CUTS: Conservative councillors 'would change budget within weeks' if elected
CONSERVATIVE councillors have pledged to make an emergency budget within weeks if they are elected to power in May.
The local party has criticised the budget proposed by North East Lincolnshire Council's minority-ruling Liberal Democrats, which will be debated in full on Thursday.
Council leader Andrew De Freitas has proposed savings to meet the £15 million shortfall in central Government funding this year, as reported.
They include saving £260,000 in street cleaning, £95,000 by stopping the mobile library service and cutting library opening hours, and £30,000 by cutting grass once every eight weeks instead of five.
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Today, the Telegraph prints the Conservatives' proposals, followed by Labour's tomorrow.
On Thursday, North East Lincolnshire Council is holding a full council meeting at Grimsby Town Hall to hear the proposals from each party.
Conservative Group leader, Councillor Keith Brookes, said if voters returned a Tory majority at the May elections there would be an emergency budget within weeks.
A reduction in the number of the council's senior directors and sharing a chief executive with another authority would reap greater savings, he said.
And he also renewed his proposal to scrap the council's newsletter, Linc Up, and cut the number of staff in the communications department.
Criticising the Liberal Democrats' proposal, he said: "It is an election budget – it disguises a lot of deeper cuts coming in the second and third years.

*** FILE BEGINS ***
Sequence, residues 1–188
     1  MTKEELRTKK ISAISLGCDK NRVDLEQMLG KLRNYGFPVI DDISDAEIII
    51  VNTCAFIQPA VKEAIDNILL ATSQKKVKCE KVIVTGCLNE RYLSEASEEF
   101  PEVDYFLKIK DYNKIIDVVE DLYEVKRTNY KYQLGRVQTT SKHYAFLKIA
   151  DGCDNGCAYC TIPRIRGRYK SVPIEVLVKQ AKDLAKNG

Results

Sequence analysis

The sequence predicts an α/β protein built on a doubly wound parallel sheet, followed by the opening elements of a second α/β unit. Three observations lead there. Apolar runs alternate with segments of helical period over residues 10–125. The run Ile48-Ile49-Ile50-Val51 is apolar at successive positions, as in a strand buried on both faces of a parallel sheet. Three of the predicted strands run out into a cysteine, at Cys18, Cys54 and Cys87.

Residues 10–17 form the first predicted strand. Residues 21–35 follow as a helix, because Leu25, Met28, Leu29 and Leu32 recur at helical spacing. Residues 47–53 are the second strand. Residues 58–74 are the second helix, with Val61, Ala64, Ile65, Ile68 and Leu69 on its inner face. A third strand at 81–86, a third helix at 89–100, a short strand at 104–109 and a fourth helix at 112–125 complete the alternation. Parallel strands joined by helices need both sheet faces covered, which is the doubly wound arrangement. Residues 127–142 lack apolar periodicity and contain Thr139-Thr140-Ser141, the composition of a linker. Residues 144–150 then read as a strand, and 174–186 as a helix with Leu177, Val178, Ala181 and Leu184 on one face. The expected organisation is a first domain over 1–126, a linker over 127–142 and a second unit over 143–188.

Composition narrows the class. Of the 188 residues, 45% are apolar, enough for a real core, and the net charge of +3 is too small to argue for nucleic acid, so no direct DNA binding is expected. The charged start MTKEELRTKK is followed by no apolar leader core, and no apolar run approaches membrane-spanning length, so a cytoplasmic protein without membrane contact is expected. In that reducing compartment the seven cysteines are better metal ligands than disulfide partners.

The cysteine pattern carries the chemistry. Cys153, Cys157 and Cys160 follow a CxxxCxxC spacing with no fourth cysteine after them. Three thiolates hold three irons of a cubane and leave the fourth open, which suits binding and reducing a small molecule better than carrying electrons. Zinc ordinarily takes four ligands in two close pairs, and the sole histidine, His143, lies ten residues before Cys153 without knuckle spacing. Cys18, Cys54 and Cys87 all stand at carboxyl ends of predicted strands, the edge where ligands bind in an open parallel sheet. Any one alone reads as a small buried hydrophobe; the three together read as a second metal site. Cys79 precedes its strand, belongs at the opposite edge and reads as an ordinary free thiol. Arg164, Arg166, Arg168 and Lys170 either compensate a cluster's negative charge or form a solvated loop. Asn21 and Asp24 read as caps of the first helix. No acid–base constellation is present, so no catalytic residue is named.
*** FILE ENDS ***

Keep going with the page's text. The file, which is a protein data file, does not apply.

"We believe it should start at the top. We would like to see more sharing.
"At the last full council meeting in November, we proposed sharing a chief executive, which would save £100,000, but it was thrown out.
"That was despite a survey which showed 81 per cent of the electorate were in favour. It showed contempt of the electorate to ignore their views."
He criticised proposals to cut parks and gardens maintenance by £950,000 over four years.
The opposition group leader said: "They are assuming people will take tasks on and cut the grass. I am sure some people will, but it won't be to the extent or the timescale they are hoping for."
Councillor Brookes said this undermined the huge amount of work done by volunteers with the In Bloom groups in Grimsby, Cleethorpes and Immingham.
Conservative councillors said they could not support a budget which left many questions unanswered.
Councillor Philip Jackson (Waltham) said: "Charging people to replace their wheelie bins if they are stolen or set on fire is going to save £125,000 we are told. You are told to leave it at the front of your property, and yet if it is stolen they expect people to pay. That is pie in the sky."
Councillor John Fenty (Humberston and New Waltham) questioned the increase in council income from parking fees of an estimated £700,000 over four years.
He said: "Members have questioned whether this income is sustainable and feasible.
"But it has come before the car parking strategy review in March, so we have no robust evidence.
"Cuts in the tourism marketing budget (£292,000) may well be short-sighted and also impact on these revenues."
He also criticised the ruling administration for promising to save £500,000 from waste collection, but not providing information on how that would be achieved.
"Questions remained unanswered from our scrutiny meetings, yet we are asked to vote on them at the budget meeting," he said.
See tomorrow's Grimsby Telegraph for the local Labour Group's proposals.